select_input { ( case <fieldName>: <statement>; )* }  Performs the statement that corresponds to the first named field that is not empty (see example).
set_language Sets the language of this document to the string representation of the execution value. Parses the input value as an RFC 3066 language tag, and sets that language for the current document. This affects the behavior of the tokenizer. The recommended use is to have one field in the document containing the language code, and that field should be the first field in the document, as it will only affect the fields defined after it in the search-definition. Read linguistics for more information on how language settings are applied.
set_var <varName> Writes the execution value to the named variable. Note that variables are scoped to the indexing script of the current field.
slice <from> <to> Replaces all strings in the execution value by a substring of the respective value. The arguments are inclusive-from and exclusive-to. Both arguments are clamped during execution to avoid going out of bounds.
split <regex> Splits the string representation of the execution value into a string array using the given regex pattern. This function is useful for creating multi-value fields such as an integer array out of a string of comma-separated numbers.
summary <fieldName> Writes the execution value to the named summary field. Summary fields of type string are limited to 64kB. If a larger string is stored, the indexer will issue a warning and truncate the value to 64kB.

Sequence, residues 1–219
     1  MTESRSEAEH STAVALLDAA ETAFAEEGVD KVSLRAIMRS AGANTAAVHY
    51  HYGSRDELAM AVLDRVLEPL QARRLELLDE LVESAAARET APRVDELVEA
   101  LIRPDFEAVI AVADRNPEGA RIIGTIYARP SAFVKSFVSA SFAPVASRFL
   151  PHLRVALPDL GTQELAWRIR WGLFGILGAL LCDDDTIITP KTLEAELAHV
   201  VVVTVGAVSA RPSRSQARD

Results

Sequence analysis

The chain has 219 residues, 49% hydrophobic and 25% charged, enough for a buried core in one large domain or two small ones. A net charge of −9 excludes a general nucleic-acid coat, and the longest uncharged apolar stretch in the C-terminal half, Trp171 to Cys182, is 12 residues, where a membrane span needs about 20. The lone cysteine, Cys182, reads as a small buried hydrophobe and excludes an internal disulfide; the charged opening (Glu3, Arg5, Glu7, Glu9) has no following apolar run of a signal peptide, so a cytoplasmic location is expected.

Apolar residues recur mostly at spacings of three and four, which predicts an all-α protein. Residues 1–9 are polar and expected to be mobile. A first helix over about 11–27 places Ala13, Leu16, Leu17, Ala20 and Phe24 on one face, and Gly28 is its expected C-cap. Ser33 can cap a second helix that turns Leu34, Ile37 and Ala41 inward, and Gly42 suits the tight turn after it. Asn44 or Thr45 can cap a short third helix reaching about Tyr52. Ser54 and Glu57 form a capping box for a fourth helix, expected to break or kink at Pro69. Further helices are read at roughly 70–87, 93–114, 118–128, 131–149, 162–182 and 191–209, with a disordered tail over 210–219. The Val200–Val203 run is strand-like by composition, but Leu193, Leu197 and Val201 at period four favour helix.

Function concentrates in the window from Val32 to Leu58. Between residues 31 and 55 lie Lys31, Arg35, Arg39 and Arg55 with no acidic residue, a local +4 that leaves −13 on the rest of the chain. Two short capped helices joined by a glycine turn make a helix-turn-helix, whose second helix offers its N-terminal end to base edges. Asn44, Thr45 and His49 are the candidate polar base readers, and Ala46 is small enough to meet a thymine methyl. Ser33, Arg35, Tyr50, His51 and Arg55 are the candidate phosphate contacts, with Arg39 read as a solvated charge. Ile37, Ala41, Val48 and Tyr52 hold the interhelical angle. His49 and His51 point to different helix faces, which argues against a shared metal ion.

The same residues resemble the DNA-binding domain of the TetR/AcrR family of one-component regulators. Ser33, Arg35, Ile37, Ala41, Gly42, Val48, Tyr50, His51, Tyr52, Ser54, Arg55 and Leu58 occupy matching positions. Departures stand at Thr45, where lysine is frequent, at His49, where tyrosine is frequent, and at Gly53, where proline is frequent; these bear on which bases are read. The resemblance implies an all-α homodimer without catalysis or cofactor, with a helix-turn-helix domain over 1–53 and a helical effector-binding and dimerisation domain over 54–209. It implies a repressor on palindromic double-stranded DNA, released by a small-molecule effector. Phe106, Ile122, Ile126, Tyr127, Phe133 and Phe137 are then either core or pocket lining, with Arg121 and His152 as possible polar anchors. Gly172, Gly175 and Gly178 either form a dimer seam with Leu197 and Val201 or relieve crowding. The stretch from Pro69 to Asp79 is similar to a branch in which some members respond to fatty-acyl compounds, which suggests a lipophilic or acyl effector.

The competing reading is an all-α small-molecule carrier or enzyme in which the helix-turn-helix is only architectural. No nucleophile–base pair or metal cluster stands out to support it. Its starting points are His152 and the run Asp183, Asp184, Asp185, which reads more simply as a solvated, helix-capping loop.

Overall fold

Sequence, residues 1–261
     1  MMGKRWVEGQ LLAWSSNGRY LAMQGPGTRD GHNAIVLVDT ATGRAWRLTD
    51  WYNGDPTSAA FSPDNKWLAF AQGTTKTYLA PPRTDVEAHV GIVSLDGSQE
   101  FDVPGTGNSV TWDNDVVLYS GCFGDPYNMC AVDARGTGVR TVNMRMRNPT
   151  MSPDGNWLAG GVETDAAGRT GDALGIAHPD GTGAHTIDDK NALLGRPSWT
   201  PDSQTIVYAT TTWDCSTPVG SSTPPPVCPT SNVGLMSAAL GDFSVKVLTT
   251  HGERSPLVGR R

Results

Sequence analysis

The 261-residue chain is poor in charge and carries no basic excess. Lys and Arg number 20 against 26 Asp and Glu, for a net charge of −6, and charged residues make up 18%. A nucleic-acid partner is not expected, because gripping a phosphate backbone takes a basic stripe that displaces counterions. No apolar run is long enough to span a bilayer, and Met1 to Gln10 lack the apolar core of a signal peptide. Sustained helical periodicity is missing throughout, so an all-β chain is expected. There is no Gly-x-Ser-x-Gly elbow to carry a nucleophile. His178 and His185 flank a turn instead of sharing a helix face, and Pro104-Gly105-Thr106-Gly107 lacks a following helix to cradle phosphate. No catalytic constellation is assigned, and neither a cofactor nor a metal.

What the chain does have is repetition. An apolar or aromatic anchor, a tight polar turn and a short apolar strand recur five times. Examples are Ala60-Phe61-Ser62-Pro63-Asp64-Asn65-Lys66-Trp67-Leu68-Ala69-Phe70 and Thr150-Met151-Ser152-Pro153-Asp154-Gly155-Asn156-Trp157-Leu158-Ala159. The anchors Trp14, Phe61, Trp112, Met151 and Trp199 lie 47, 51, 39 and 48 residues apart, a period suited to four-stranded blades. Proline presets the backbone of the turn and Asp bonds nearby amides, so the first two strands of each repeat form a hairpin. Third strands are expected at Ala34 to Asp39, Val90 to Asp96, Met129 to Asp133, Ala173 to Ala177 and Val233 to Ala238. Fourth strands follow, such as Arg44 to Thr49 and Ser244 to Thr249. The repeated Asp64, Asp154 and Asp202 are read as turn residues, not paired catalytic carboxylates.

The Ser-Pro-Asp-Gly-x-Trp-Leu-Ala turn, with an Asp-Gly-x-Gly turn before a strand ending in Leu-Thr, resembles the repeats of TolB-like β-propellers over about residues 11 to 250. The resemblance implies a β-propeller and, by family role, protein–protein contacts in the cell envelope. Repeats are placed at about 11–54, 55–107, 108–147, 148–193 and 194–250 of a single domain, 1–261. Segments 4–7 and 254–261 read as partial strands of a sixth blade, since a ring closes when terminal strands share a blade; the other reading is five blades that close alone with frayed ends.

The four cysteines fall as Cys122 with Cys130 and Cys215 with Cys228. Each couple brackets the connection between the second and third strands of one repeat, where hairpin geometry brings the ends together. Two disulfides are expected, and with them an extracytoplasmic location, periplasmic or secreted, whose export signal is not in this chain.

switch { ( case '<value>': <caseStatement>; )* [ default: <defaultStatement>; ] }  Performs the statement of the case whose value matches the string representation of the execution value (see example).
tokenize [ normalize ] [ stem ] Adds linguistic annotations to all strings in the execution value. Read linguistics for more information.
trim Removes leading and trailing whitespace from all strings in the execution value.
uri Converts all strings in the execution value to an URI struct. If a string could not be converted, it is removed.

## Select_input example

The select_input expression is used to choose a statement to execute based on which fields are non-empty in the input document:

select_input {